Mozambique’s Game Reserves Revisited (3 of 5)



No problems did I say? Actually just before Dobela there is a river and as it was dark when we arrived, we couldn’t find the natural rock ’causeway’ across and then there were the hippos, crocs and Zambezi sharks everyone had been meaningfully mentioning. But, Mozambique moves in mysterious ways and Alfons, the camp chef, waded through, said ‘Noa Problem’ and walked in front as we bumped and grinded through – don’t try this at high tide (or anything else than a Defender). A little way up a tunnel through the indigenous forest and there they were, Tony and Brigitte and guests just settling down to a sumptuous supper – perfect timing. Our stuff was taken up to our tents and the welcome which ensued indicated that they had mistaken us for honoured company instead of the travelling journo bums that we really are underneath this facade of swamp slime and 3 day’s worth of beard.









Dunes at Ponta Dobela


View from dunes, Ponta Dobela


Ponta Dobela and Azul do Mar are special. Need I write more? Well I suppose if parking your 4-wheeler on the curb at your local Mall is your idea of heart-stopping adventure (now don’t get me wrong, I’ve got nothing against 4×4’s) then perhaps Dobela is for you but only if you have an awesome sense of humour. Serious divers and birders and slackers will love it and you can take the self-catering route but that means you will bring back all your tins as Brigitte is a one-woman juggernaut of note when it comes to filling that ‘inner glutton’. So far so good, my can-opener was still buried deep within the farthest corner of the Landy’s cavernous back covered by FAKAWI’s (gotta do something about that name) motherly canopy. The dives here are virgin and so you get to name reefs and if you bring along canoes you can also explore lake Piti, which really puts Kosi Bay to shame. (Not that I’ve ever been to Kosi, you understand).


Two nights at Dobela were just enough to know that next time it must be at least ten, and bring the little kids (cover them well against mossies at night), they will love it. And so back north through the ‘impassable route’ and on another ferry (this one had a saloon with TV and clean toilets, but cost Mt150,000) back to Maputo where we retrieved our boat from the Polana and headed north along the EN (Estrada Nacional) 1 to Inhambane and pleasant Pensão Pachica where I sat and wrote this while watching the tide ebb and flow and the dhows come and go.










Our Landy


Our vehicle was a Landrover Defender 130 TD5



But before I got carried away and fired-up the TD5 and headed to Tofo just 25km east of here, I did think that it was time to ask you all to allow me to thank Landrover South Africa for loaning us an amazing vehicle (I wander what can stop this thing?), FAKAWI Pretoria for the canopy, the more I have used it the more I realise it’s a work of art, and all the other people who have made this trip to Mozambique’s newly opened game reserves possible, especially my long-suffering wife, Karin and Daniel my four-year old who is a real Landrover fan, but next time can we please have one with the spare wheel on the tail-gate, as that is where Danny insists they should go.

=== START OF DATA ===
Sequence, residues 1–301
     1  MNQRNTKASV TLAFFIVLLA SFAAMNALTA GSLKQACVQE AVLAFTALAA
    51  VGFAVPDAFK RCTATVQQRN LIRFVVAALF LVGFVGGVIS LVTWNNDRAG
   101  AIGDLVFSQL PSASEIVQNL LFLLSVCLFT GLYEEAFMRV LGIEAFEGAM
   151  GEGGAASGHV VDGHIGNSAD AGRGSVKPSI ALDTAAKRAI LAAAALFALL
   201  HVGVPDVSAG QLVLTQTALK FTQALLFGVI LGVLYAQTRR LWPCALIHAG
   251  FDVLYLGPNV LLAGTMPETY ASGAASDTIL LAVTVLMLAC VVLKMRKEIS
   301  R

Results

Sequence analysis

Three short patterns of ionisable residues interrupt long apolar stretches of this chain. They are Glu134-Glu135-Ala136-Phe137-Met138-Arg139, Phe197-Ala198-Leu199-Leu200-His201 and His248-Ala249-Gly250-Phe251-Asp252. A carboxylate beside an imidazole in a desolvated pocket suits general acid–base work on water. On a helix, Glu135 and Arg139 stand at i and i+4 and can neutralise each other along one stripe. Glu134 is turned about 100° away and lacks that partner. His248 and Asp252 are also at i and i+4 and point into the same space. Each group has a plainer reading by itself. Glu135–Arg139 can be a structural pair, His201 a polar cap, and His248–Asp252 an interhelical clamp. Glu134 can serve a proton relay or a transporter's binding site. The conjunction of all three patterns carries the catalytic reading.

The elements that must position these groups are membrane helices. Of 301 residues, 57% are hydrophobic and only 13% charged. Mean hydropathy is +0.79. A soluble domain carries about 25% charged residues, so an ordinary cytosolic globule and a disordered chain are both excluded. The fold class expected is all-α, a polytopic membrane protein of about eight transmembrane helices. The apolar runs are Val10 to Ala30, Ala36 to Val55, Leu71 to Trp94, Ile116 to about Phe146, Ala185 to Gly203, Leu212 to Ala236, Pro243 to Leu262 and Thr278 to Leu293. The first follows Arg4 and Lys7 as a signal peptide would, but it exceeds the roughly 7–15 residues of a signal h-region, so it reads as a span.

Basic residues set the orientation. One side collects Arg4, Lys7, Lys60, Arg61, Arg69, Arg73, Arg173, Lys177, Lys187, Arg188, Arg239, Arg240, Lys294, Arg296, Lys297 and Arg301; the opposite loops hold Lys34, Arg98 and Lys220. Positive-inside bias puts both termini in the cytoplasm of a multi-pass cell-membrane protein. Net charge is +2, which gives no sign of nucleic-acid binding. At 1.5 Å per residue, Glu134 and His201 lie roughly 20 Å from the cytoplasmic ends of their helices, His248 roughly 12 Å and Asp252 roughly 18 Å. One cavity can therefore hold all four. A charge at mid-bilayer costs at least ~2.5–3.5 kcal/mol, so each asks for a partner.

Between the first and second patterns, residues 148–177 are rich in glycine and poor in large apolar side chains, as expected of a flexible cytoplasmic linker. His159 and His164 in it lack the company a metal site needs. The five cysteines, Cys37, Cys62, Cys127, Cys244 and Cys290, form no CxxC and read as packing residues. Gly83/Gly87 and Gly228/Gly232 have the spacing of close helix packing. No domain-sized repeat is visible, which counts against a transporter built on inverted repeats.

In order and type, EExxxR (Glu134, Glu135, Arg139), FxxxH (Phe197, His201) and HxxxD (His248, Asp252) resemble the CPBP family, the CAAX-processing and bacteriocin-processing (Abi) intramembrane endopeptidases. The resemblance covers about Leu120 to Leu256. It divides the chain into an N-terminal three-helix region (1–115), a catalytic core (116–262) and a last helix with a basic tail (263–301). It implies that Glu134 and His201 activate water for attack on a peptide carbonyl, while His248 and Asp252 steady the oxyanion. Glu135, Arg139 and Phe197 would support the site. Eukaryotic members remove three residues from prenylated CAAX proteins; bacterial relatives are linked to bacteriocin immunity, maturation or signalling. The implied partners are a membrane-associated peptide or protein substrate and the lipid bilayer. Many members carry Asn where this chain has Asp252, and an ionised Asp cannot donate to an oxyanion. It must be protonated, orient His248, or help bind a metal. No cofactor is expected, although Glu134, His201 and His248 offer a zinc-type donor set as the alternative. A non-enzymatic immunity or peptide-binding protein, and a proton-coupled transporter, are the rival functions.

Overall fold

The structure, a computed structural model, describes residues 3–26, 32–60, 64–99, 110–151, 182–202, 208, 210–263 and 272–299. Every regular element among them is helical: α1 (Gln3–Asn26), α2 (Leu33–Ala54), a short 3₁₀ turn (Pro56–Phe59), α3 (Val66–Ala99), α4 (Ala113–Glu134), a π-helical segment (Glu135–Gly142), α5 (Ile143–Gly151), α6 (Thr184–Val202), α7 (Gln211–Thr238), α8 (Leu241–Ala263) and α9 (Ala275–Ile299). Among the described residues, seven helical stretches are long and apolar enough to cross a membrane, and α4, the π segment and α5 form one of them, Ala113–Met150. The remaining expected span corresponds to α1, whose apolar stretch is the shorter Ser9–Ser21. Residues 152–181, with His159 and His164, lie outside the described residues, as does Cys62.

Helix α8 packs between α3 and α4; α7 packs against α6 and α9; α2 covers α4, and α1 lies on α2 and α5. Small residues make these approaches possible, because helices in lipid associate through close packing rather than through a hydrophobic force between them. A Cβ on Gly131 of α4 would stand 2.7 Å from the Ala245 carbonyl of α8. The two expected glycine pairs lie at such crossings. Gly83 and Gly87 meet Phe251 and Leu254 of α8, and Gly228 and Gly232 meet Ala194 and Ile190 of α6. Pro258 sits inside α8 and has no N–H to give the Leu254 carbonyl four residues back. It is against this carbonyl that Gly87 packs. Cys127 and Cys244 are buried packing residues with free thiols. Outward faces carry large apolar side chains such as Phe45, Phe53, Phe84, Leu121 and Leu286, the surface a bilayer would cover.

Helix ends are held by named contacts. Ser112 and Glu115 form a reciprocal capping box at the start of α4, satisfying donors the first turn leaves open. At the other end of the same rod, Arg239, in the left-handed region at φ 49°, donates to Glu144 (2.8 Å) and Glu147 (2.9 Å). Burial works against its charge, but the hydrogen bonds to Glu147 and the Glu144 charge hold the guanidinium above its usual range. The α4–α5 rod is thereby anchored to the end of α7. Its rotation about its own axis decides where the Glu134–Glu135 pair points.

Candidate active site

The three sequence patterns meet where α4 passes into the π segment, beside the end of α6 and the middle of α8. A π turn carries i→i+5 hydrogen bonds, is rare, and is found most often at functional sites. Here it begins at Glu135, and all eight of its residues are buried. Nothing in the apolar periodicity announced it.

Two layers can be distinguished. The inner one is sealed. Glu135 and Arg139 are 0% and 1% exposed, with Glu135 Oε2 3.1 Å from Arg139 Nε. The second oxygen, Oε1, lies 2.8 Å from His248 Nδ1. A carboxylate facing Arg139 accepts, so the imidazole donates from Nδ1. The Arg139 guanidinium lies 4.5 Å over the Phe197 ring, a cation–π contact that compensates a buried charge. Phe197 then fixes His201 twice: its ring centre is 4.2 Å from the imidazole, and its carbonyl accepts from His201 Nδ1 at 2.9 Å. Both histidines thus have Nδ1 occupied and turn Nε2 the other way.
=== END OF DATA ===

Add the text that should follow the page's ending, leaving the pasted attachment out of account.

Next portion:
Mozambique’s Parks revisited: Days 4 – 6









Bamboozi Backpackers


Bamboozi Backpackers has a strange aura surrounding it on satellite photos



The Inhambane peninsula is rimmed with around a dozen good holiday spots and, as we were so close to Tofo, we democratically (they listened to my sage advice) decided to take a night away from our flimsy itinerary to stay at Bamboozi Backpackers which is just 2km north of Tofo (note to budget travellers: there is good public transport throughout the day between Inhambane and Tofo). James ‘Tales of the South Seas‘ Michener would have loved Bamboozi, and what with good-looking people from all over the world and one of the best settings for a bar/restaurant I have seen during my earthly wanderings, Bamboozi did seem suspiciously to be like paradise. Call something ‘Paradise’ and kiss it goodbye and it was with a renewed impression that ‘all things are transient’ that I ate an awesome ‘lulas’ (calamari) stew, watched the reddening sun over the mangroves and listened to proprietors Des and Jackie’s tales of their constant struggle to keep on the right side of the authorities.


Another newcomer to Tofo is a professional dive shop called Diversity Scuba run by Joanne, Gary and Pete who are from the UK but learned their diving in Malaysia. Gary and Jo were in Jo’burg buying goodies for their wedding which would take place in Tofo the following week, and I chatted to some of their clients who were still wide-eyed from their encounters with giant Eagle Rays, dolphins and Whale-sharks.



Heading for a Tsetse-infested swamp
(4 of 5) »

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